If Percy and you really believe that random mutations exist, then you believe that man has been created by pure chance, becouse mutations is the critical factor in evolution.

But pure chance eliminates the non-random component of natural selection that is also important.


This message is a reply to:
 Message 214 by zi ko, posted 12-14-2011 11:33 AM zi ko has not yet responded

  
Percy
Member
Posts: 15674
From: New Hampshire
Joined: 12-23-2000
Member Rating: 3.1


Message 217 of 296 (644037)
12-14-2011 11:53 AM
Reply to: Message 214 by zi ko
12-14-2011 11:33 AM


Re: Are there RANDOM MUTATIONS?
We could discus how random mutation combined with natural selection produces adaptation in a thread where it would be on-topic, but not here. This thread is Wright et al. on the Process of Mutation, and a prerequisite for participation is an understanding of how evolution works.

--Percy


This message is a reply to:
 Message 214 by zi ko, posted 12-14-2011 11:33 AM zi ko has not yet responded

    
zi ko
Member (Idle past 1115 days)
Posts: 578
Joined: 01-18-2011


Message 218 of 296 (644038)
12-14-2011 12:02 PM
Reply to: Message 183 by Percy
10-14-2011 4:54 PM


Re: Are there RANDOM MUTATIONS?
So you understand that your thinking is fallacious, but you justify it because you believe my thinking is also fallacious. Well, all I've got to say is thank God two wrongs make a right. Oh, wait a minute, they don't

Believing in something you can't prove it doesn't mean it is inevitably fallacious.
Innate intelligence is a fact, becouse universal laws is a fact. Just closing eyes before facts is not the cleverest act in the world.
You seem to be having a difficult time understanding that natural selection is not random. It isn't directed, there's no goal, but it is certainly not random.

Of course natural selection is not random. When did i say it? But you believe mutations are. And this the crucial thing in evolution. In my opinion random mutations exist but they are less important in relation to those, which are environment information guided.

Edited by zi ko, : No reason given.


This message is a reply to:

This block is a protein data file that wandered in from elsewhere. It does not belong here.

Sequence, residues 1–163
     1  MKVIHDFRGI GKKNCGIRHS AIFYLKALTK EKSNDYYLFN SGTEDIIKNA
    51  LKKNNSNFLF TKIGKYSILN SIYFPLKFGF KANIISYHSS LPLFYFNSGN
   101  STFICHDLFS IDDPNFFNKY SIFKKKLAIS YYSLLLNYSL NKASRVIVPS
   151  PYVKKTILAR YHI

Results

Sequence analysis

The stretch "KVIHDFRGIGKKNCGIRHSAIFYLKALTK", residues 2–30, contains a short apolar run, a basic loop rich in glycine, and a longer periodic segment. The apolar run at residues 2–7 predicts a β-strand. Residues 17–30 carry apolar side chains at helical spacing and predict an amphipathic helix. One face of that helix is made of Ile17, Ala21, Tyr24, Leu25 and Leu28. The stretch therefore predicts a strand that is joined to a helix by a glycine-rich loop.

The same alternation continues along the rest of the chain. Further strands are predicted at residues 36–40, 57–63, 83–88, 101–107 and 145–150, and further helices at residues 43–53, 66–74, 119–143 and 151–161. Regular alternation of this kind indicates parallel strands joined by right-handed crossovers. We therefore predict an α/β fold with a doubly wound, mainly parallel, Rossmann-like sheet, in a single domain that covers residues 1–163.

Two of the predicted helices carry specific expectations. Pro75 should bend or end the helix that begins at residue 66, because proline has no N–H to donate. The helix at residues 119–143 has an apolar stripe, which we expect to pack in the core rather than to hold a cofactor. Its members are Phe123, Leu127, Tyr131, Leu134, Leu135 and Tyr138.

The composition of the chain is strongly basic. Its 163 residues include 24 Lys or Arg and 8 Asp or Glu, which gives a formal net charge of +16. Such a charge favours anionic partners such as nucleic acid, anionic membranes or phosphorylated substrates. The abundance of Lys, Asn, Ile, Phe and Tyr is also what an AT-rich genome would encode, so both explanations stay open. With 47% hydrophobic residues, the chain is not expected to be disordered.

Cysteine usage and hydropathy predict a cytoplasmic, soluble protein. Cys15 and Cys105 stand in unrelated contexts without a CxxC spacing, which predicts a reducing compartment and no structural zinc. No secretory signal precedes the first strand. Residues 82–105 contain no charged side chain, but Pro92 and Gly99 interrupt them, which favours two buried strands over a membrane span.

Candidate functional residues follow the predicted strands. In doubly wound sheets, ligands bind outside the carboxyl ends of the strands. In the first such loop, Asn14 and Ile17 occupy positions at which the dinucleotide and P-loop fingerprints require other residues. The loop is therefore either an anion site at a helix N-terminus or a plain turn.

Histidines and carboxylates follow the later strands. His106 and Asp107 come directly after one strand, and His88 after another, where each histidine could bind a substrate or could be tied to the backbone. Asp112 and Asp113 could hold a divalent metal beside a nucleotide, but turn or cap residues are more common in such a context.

Message 183 by Percy, posted 10-14-2011 4:54 PM Percy has responded

Replies to this message:
 Message 219 by Percy, posted 12-14-2011 2:19 PM zi ko has not yet responded
 Message 224 by herebedragons, posted 12-22-2011 7:58 PM zi ko has responded

    
Percy
Member
Posts: 15674
From: New Hampshire
Joined: 12-23-2000
Member Rating: 3.1


Message 219 of 296 (644045)
12-14-2011 2:19 PM
Reply to: Message 218 by zi ko
12-14-2011 12:02 PM


Re: Are there RANDOM MUTATIONS?
Hi Zi Ko,

I again suggest you take this to a thread where it would be on topic.

--Percy


This message is a reply to:
 Message 218 by zi ko, posted 12-14-2011 12:02 PM zi ko has not yet responded

    
Taq
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Posts: 7029
Joined: 03-06-2009
Member Rating: 3.7


Message 220 of 296 (644046)
12-14-2011 3:06 PM
Reply to: Message 214 by zi ko
12-14-2011 11:33 AM


Re: Are there RANDOM MUTATIONS?
If Percy and you really believe that random mutations exist, then you believe that man has been created by pure chance, becouse mutations is the critical factor in evolution.

Selection and mutation are equally important. Mutation is important for creating variability, and it is random with respect to fitness. Selection is important for filtering these variations in phenotype so that the population adapts to their environment over many generations. So which is more important, having variation or adapting to your environment?

As to the Wright paper, the end result is obviously non-random. All of the colonies growing on the plates lacking leucine had a specific mutation. Compare this to the population before plating where only 1 in 500 million had this mutation. That can't happen through chance time after time.


This message is a reply to:
 Message 214 by zi ko, posted 12-14-2011 11:33 AM zi ko has responded

Replies to this message:
 Message 222 by zi ko, posted 12-15-2011 12:44 AM Taq has responded

  
Taq
Member
Posts: 7029
Joined: 03-06-2009
Member Rating: 3.7


Message 221 of 296 (644047)
12-14-2011 3:10 PM
Reply to: Message 209 by Kaichos Man
12-14-2011 7:00 AM


Re: Kimura redux
Hey, you can still pretend that selection somehow -magically- evolves the phenotype while leaving the genotype untouched.

Who is claiming that? In fact, this thread is focused on mutations that lead to a change in phenotype. Perhaps you could discuss that?

What the found in the paper is that before plating in the absence of leucine that a specific mutation existed in 1 in every 500 million bacteria. After selection 1 in every 1 had this mutation. How can this occur by chance as you suggest?


This message is a reply to: